Don’t miss the full exclusive interview with Mrs Hinch only inside this Sunday’s Mail on Sunday. Plus her ingenious tips and tricks on how to make spring cleaning easy & fun, free inside The Mail on Sunday.
She’s the glamorous
But Sophie Hinchcliffe – known to her two million followers as Mrs Hinch – this weekend reveals her battles with anxiety and how a youthful attempt to
In her first major interview, Sophie tells The Mail on Sunday’s You magazine how she underwent a £6,000 operation to have a gastric band fitted – but was left in agony after it slipped two years later and became wedged in her oesophagus.
Sophie Hinchcliffe, pictured – known to her two million followers as Mrs Hinch – this weekend reveals how a youthful attempt to lose weight led to a disastrous gastric band operation
Surgeons were able to move the band during an emergency operation. It no longer works but has not actually been removed.
‘The surgery works for some people,’ said Sophie, whose new book packed with ingenious tips and tricks on how to make cleaning easy, fun – and even glamorous – features in an eight-page pull out in this weekend’s Mail on Sunday.
‘But for me, if I had known the complications and risks, I wouldn’t have done it.’
After battling issues with self-confidence, Sophie piled on weight in her late teens.
‘I’d just passed my driving test, so I was able to go out in the car and get takeaways at McDonald’s Drive-Thrus,’ she said. ‘Before I knew it, I was eating for what felt like eating’s sake.’
Aged 21, she took out a bank loan to pay for the gastric band procedure.
But in addition to the slipped band, her dramatic eight-stone weight loss left excess skin on her arms. An operation to remove it in 2016 led to a serious infection and for a time she feared her left arm would have to be amputated.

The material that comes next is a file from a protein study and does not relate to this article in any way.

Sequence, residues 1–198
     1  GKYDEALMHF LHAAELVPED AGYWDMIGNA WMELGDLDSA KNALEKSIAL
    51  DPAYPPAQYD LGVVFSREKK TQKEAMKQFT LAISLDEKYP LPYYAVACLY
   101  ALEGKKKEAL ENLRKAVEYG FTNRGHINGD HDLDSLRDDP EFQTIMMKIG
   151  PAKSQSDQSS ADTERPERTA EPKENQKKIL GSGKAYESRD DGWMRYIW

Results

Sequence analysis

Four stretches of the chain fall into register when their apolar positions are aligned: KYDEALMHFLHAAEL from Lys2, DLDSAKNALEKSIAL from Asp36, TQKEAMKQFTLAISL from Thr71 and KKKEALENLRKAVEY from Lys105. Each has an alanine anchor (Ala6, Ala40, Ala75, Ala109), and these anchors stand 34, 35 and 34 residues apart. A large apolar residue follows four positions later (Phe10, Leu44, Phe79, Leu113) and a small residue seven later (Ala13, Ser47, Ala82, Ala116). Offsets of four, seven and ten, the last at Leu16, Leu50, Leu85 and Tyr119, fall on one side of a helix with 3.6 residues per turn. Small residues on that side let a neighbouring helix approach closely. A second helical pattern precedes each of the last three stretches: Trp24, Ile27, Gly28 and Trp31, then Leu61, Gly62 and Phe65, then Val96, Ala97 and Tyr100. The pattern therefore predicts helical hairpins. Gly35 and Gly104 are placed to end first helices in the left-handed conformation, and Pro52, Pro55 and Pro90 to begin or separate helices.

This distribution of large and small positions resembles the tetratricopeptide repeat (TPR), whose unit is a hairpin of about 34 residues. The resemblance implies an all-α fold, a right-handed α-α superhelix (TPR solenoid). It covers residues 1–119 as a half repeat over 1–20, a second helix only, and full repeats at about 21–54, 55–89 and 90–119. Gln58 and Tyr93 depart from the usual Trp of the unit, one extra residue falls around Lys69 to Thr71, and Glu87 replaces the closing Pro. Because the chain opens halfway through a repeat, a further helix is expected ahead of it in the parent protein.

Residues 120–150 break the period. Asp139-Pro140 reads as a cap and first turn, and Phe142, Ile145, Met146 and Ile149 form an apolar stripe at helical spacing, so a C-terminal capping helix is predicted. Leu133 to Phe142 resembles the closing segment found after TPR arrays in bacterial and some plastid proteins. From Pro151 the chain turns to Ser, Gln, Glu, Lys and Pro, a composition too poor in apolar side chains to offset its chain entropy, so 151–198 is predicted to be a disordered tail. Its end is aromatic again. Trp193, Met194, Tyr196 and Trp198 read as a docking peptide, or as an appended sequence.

Sophie tells The Mail on Sunday’s You magazine how she underwent a £6,000 operation to have a gastric band fitted – but was left in agony after it slipped two years later and became wedged in her oesophagus
The 29 year-old, who married husband Jamie last year and is five months pregnant, said the ordeal has left her angry at anyone who engages in ‘body shaming’, adding: ‘Even if you lose the weight you never forget the comments.’
The former hairdresser started creating an inspiring social media phenomenon two years ago after offering cleaning tips and posting stylish pictures of her home.
Her fans are known as the ‘Hinch Army’ and refer to cleaning as ‘Hinching’.
The so-called ‘Mrs Hinch effect’ sees supermarkets selling out of her favourite cleaning products – which she gives affectionate nicknames calling her duster Dave and her glass-cleaning cloth Kermit.
Sophie, from Maldon, Essex, also tells The Mail on Sunday’s You magazine about her battle with anxiety and how cleaning helps control her panic attacks.
‘When I’m at home, and I start to feel a bit of panic in my chest, I will grab a mop or a cloth and put on some good music,’ she says. ‘It really helps me relax.’
Hinch Yourself Happy: All The Best Cleaning Tips To Shine Your Sink And Soothe Your Soul by Mrs Hinch which is published by Michael Joseph on April 4, priced £12.99.